Through various technologies, the three areas of WASH – water, sanitation, and hygiene – work together to strengthen one another and maximize health impact at the community level. For instance, the impact of clean water is dependent upon access to and use of latrines and safe hand-washing behaviors, and vice versa. All three are necessary for one to be a success. And when local leaders rise up to form water committees to lead WASH solutions and promote health from within their own communities, there is no end to the change that can take place. We work with our local partners to provide access to clean water through a wide range of technologies. With knowledge of the local context, our partners select the technology that will be most effective in the community where they are working based on environmental, cultural, economic, and technological factors to optimize quantity, quality, access, and reliability. In many cases, a combination of technologies is required to achieve these goals.

Population(s) Served
People of African descent
People with HIV/AIDS

Blood:Water’s HIV/AIDS programs center around community care and support. Blood:Water invests in partners that work at the community and household level to address individuals and families affected by HIV/AIDS, comprehensively addressing psychological, social, cultural, material and legal vulnerabilities that occur through the continuum of illness. This work encompasses clinical support services such as palliative care, nutritional assessment, case management, ART adherence and other support that improves outcomes both within and outside the clinic. Our partners also focus on psychosocial care, creating support groups for those living with and affected by HIV/AIDS, as well as addressing and advocating against stigma and discrimination associated with HIV.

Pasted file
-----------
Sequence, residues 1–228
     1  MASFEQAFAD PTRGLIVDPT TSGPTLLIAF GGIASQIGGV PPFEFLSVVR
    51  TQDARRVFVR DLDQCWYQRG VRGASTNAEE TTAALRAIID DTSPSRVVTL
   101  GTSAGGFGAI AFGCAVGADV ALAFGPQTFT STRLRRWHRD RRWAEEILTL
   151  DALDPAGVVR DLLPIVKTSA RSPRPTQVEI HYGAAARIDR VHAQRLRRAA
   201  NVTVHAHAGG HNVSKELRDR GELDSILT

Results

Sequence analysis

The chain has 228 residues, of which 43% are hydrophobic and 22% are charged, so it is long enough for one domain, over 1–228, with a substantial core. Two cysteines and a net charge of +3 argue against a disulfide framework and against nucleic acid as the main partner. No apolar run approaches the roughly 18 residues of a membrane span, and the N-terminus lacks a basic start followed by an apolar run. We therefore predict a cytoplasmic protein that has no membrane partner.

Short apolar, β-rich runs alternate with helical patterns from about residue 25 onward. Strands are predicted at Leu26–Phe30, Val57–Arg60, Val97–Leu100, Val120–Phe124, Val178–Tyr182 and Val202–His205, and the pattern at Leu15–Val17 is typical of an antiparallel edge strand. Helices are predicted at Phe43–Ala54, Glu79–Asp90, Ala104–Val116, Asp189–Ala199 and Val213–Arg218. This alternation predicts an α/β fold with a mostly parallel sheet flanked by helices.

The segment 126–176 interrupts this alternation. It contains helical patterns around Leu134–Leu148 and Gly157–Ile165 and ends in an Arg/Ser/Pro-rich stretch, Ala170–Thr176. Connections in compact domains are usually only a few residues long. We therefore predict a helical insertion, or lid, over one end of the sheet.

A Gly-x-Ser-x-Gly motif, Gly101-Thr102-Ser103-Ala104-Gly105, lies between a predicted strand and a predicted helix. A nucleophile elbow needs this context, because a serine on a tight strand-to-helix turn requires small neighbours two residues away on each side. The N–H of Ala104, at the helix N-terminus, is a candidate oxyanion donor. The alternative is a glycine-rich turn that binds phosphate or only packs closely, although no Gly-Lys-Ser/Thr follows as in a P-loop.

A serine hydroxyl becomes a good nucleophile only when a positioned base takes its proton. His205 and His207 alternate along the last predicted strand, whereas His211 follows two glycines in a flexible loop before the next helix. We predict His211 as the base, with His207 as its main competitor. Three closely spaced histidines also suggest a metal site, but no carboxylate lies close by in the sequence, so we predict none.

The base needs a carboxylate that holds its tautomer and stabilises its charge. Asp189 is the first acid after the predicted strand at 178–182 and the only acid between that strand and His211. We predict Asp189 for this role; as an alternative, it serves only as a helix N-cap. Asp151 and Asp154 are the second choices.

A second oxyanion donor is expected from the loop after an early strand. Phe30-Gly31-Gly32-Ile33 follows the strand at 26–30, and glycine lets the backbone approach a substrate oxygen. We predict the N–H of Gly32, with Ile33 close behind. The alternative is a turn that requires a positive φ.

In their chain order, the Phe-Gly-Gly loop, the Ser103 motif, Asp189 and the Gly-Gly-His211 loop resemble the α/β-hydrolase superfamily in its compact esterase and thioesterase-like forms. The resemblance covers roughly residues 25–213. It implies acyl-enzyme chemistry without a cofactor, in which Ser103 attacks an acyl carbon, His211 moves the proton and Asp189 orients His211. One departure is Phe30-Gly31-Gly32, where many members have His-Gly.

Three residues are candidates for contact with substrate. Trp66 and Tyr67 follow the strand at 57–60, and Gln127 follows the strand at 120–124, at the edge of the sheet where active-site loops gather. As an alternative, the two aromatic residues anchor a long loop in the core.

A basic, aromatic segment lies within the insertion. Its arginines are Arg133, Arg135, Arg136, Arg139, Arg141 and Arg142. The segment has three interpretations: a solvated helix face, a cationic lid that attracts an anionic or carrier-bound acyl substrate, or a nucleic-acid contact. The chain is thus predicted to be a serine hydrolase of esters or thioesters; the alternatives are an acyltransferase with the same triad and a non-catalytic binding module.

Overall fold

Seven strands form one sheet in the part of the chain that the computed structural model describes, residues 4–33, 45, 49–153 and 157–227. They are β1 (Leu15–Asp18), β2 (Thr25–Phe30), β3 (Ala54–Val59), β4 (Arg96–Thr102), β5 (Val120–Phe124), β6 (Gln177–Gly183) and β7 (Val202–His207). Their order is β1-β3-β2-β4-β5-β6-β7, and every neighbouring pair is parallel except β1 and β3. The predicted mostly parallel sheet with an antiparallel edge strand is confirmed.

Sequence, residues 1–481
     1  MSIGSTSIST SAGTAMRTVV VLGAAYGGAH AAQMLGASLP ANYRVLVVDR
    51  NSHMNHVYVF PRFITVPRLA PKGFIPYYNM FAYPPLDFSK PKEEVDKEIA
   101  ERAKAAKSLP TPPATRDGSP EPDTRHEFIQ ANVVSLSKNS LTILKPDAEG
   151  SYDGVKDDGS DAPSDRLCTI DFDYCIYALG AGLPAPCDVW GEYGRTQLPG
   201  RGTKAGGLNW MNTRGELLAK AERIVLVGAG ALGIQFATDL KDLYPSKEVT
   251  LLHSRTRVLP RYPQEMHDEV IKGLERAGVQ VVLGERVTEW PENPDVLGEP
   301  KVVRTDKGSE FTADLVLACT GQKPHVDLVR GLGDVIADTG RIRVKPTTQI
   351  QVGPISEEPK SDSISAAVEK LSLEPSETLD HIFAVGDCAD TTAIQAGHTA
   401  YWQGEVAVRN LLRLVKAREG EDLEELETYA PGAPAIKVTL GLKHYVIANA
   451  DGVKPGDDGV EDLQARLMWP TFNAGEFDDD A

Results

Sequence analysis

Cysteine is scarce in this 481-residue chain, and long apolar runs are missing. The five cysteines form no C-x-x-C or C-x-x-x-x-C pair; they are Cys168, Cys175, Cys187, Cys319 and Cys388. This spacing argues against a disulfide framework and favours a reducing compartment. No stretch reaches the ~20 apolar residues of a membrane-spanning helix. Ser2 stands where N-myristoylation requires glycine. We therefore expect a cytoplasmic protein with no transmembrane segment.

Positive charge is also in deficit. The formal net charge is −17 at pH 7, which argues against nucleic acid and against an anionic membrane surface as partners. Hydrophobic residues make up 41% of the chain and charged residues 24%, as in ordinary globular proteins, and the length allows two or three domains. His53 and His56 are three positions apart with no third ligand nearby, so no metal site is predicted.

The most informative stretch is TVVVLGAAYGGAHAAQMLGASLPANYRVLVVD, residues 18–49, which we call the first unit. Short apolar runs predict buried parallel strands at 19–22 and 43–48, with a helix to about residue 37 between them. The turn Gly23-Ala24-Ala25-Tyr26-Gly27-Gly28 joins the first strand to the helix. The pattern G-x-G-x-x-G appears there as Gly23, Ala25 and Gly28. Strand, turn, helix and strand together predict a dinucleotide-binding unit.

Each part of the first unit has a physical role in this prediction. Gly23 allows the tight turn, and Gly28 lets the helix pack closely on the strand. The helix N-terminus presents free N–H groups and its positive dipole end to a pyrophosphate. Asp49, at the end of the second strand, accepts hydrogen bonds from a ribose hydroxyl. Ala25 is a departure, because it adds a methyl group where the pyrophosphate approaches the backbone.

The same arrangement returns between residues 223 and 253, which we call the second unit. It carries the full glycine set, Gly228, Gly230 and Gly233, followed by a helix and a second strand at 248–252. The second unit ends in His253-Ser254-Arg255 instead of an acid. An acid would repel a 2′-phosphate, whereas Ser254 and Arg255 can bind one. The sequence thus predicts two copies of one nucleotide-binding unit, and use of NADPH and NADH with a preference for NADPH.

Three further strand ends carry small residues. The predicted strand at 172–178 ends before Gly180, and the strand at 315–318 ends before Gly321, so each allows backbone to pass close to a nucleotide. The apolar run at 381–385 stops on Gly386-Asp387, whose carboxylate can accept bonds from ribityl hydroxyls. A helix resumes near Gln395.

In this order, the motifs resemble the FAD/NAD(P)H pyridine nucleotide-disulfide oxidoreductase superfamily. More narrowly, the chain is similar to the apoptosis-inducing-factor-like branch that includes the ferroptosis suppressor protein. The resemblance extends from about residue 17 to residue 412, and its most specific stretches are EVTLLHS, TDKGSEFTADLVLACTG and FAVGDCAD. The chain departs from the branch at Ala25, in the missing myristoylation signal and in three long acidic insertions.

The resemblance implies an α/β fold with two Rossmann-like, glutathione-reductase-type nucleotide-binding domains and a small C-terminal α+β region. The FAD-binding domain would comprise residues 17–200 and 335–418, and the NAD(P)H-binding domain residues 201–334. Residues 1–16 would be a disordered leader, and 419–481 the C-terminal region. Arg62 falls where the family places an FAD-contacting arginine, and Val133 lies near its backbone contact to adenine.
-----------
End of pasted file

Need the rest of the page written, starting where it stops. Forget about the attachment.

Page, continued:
Population(s) Served
People of African descent
People with HIV/AIDS

Organizational Strengthening (OS) is the capacity building processes through which partner organizations invest in and improve their institutional and technical capacities for the delivery of high-quality programs and efficacy of mission. This includes an externally-facilitated participatory self-assessment using the Institutional Development Framework (“IDF”), incorporating representatives of an organization’s board, senior management, and staff to allow for a diverse, unbiased critique. Partners score themselves across 4 developmental stages and identify priorities for investment. This prioritized improvement plan is executed over 2-year cycles for up to 8 years in partnership with Blood:Water, with up to $10,000 of additional funding each grant cycle. In addition, Blood:Water implements OS activities across the portfolio of partners, currently including peer exchange visits, a partner summit every two years, support with monitoring and evaluation, and technical updates and learning.